Designing Perennial Plantings
While beds and pots of annuals may be replanted with ease, perennial plantings may live for many years and, therefore, require some planning. Flower beds are usually highly visible and should work well into the total landscape design. Otherwise, large areas of the landscape may be bare part of the year.
Many perennials, like annuals, are effective in mass when they are in bloom, but because of their seasonality, they are better viewed as small clumps of color and texture to accent other plants. You can often build a design to support or accent a favorite plant or group of plants. Use small evergreen shrubs, flowering trees, or such hard features as a fence, stone, bench, birdbath, or garden art to enhance a flower garden and "carry" it through all the seasons.
One of the easiest design "tricks" is to interplant groups of flowers that have contrasting shapes. For example, daylilies can have their large flowers set off well by the spikes of blue salvia and the round flowers of yarrow. The large leaves of canna and sword-like form of iris plants have a dramatic effect when used in groups among other less bold plants.
A natural way to begin planting perennials is to create islands of flowers in an open lawn, but because such beds are easily viewed from many sides, they often require high maintenance to keep them attractive.
Border plantings along a wall, fence, or hedge can soften the transition of landscape structures into the rest of the landscape or can create alleys of color. Rectangular beds lend themselves to a border planting where space is restrictive. When planting a perennial border against a hedge, fence, or wall, leave a little space between it and its backdrop. This allows for better air circulation, more light penetration, and ease of maintenance from the rear of the bed. Perennial borders often are 6 to 8 feet wide, allowing adequate space for at least a combination of six or more species, front to back, yielding a continual bloom.
To prevent turfgrass from growing into the perennial bed and becoming unsightly, use some form of broad edging or separating strip. Bricks laid flat, flagstone, bare ground, or a heavy layer of mulch such as wood chips or bark will help keep out grass.
Perennials may be grouped according to color, intermixing plants that bloom at different intervals for a continual display. Early bulbs may be planted with spring yarrow and iris, which usually fade before daylilies and canna begin their season of color. Fall sunflowers and ornamental grasses complete the season. Select plants that have not only attractive long-lived blooms, but those that have attractive foliage.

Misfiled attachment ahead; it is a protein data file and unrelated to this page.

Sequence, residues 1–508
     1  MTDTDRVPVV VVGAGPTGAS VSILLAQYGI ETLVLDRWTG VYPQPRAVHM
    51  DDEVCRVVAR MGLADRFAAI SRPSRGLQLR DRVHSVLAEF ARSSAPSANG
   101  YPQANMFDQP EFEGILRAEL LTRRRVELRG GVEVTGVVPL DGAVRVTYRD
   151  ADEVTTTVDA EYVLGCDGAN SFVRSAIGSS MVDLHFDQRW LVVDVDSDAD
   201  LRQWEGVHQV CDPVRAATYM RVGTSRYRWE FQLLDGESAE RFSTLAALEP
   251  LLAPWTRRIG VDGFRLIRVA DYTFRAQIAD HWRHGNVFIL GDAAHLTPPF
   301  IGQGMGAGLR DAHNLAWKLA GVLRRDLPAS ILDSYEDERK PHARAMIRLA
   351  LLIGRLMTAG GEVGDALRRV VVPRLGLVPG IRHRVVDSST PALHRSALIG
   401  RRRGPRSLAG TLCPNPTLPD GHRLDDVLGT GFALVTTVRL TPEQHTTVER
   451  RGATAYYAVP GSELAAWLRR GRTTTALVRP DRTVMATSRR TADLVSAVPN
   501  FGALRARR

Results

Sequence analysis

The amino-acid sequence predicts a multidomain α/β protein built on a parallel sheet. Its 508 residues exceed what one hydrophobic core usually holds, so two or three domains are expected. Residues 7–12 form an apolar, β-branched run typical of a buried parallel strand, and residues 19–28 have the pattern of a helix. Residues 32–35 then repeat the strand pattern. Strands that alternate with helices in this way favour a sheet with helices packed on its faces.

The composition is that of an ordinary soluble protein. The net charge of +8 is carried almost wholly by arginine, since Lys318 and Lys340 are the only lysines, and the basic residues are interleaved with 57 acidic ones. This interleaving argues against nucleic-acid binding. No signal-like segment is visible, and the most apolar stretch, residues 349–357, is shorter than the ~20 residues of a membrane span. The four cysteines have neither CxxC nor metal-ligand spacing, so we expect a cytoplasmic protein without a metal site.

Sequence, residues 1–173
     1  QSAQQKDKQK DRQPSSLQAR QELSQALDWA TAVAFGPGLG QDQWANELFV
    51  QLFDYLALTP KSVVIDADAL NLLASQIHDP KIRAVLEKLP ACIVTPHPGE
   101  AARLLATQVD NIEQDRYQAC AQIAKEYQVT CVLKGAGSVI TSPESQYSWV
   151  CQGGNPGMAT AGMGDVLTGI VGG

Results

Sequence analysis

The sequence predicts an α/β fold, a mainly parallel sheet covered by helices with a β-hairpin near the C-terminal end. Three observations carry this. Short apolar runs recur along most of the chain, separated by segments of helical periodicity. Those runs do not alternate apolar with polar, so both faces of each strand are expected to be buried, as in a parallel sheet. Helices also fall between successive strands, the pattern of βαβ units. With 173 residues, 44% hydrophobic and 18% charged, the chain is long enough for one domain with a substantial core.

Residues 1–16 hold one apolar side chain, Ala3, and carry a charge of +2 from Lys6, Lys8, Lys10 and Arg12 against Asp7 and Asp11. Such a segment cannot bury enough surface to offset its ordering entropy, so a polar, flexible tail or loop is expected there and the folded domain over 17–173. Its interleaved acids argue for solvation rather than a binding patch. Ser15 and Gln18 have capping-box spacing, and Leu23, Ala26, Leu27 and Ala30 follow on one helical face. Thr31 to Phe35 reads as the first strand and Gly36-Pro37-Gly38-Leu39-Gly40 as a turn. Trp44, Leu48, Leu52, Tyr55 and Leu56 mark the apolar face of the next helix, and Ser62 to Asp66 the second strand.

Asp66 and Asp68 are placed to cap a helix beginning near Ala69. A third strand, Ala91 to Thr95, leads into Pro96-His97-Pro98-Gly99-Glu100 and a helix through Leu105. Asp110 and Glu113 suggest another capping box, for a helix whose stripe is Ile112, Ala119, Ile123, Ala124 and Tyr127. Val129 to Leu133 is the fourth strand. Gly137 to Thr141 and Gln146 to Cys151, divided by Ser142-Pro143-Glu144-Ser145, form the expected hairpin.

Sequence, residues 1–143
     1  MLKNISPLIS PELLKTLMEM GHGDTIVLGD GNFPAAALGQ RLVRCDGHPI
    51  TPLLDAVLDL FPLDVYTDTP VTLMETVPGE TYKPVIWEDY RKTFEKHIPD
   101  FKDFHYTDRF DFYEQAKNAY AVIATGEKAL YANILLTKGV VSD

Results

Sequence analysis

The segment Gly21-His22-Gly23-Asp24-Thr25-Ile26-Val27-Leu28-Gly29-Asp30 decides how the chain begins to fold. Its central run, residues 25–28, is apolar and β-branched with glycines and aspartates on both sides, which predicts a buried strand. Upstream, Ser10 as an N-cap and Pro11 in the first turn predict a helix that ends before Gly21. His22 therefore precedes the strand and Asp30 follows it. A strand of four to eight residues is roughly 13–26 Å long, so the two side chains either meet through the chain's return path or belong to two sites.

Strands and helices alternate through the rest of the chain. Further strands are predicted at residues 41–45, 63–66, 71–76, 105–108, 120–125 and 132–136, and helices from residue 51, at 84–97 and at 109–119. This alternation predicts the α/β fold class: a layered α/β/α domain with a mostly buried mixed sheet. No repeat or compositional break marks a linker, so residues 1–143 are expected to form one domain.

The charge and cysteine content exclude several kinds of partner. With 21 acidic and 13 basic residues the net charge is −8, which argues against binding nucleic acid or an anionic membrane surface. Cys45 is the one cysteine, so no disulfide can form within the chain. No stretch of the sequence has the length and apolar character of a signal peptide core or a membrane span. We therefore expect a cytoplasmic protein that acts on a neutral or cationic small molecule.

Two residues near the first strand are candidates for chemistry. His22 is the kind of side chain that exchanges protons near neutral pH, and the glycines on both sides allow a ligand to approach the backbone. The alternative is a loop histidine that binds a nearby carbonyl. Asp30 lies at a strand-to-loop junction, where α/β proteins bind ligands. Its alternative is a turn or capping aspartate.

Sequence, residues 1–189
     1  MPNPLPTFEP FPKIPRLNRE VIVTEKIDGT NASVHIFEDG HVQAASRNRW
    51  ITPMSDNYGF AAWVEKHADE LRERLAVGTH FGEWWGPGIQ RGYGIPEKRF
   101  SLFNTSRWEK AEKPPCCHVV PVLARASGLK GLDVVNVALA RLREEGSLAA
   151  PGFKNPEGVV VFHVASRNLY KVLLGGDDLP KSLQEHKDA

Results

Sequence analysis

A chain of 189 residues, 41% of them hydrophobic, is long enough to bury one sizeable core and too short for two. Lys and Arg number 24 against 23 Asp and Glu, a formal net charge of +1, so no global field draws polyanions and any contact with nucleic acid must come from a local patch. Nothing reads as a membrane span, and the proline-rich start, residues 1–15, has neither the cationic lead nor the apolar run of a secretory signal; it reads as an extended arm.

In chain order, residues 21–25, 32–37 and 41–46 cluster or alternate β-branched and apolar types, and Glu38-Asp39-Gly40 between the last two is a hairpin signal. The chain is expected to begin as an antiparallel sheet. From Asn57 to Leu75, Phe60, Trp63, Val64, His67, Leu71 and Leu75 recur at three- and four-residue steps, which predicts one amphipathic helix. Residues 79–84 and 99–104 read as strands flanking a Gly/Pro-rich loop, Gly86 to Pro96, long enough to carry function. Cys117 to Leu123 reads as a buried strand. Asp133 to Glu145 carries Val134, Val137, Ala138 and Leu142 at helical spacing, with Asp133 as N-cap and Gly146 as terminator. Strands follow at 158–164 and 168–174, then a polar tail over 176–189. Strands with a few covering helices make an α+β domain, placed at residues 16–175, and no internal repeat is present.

Plant height is a major consideration. In border plantings, the tallest plants are usually placed towards the rear to serve as a backdrop with a few moved forward to prevent monotony in the design. In island plantings, they are placed towards the center. Fall-blooming perennials are usually the tallest, making them the best backdrop or accent plants. Most of the middle height perennial plants are summer bloomers and may occupy the majority of the middle space. Spring-blooming perennials are primarily short plants; place them toward the front. Emerging foliage and flowers of later blooming plants can help hide the fading foliage of earlier flowers. Narrow beds with excessively tall plants are usually not effective displays. Whether for borders or island beds, keep the width of a planting about twice the height of the tallest plant.
The last two weeks, I’ve told you about two of my top three cool-season flowering bedding plants. Today, I’m going to complete the trifecta with another plant everyone should have in their landscape: the viola.
Violas may have smaller flowers than their cousin, the pansy, but they’re maybe even tougher and more tolerant of cold, winter weather than pansies. These plants are beautiful massed in landscape beds, and they can be great performers all the way to Easter.
Even though the air is still warm in many parts of Mississippi, it’s time to plant annual winter color. Last week, I wrote about pansies being a great color choice. Another sure-fire pick is dianthus.
These days, I have to wear my hoodie sweatshirts and long pants for anything below 60 degrees. But the falling temperatures also signal something great: racks and racks of great, cool-season color as pansies fill local garden centers.
This year, I’m getting an early start on my ornamental kale and cabbage planting for the fall.
A couple of weeks ago, I found these plants being marketed in variety packs, so I picked up a selection of kale and cabbage. What an easy way to select plants for your landscape this weekend.
Confederate rose is sometimes called Cotton rose and Cotton rosemallow. Despite the references to cotton, this plant is actually a hibiscus that originated in Asia.